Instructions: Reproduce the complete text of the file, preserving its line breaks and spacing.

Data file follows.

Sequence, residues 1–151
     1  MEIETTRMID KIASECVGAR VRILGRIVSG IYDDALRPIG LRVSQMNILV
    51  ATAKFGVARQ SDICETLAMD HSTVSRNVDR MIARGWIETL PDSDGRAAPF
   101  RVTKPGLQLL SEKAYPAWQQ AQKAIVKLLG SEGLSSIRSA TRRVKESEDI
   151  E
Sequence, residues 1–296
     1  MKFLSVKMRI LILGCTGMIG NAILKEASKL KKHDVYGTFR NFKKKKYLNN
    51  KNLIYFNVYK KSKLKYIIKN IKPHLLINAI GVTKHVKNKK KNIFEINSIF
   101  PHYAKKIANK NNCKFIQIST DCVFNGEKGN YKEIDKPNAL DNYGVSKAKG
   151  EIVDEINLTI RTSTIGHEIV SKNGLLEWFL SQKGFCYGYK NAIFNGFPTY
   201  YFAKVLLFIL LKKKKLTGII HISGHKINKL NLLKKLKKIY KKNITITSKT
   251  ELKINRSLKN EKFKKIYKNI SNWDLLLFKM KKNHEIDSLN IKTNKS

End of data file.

Sequence, residues 1–151
     1  MEIETTRMID KIASECVGAR VRILGRIVSG IYDDALRPIG LRVSQMNILV
    51  ATAKFGVARQ SDICETLAMD HSTVSRNVDR MIARGWIETL PDSDGRAAPF
   101  RVTKPGLQLL SEKAYPAWQQ AQKAIVKLLG SEGLSSIRSA TRRVKESEDI
   151  E
Sequence, residues 1–296
     1  MKFLSVKMRI LILGCTGMIG NAILKEASKL KKHDVYGTFR NFKKKKYLNN
    51  KNLIYFNVYK KSKLKYIIKN IKPHLLINAI GVTKHVKNKK KNIFEINSIF
   101  PHYAKKIANK NNCKFIQIST DCVFNGEKGN YKEIDKPNAL DNYGVSKAKG
   151  EIVDEINLTI RTSTIGHEIV SKNGLLEWFL SQKGFCYGYK NAIFNGFPTY
   201  YFAKVLLFIL LKKKKLTGII HISGHKINKL NLLKKLKKIY KKNITITSKT
   251  ELKINRSLKN EKFKKIYKNI SNWDLLLFKM KKNHEIDSLN IKTNKS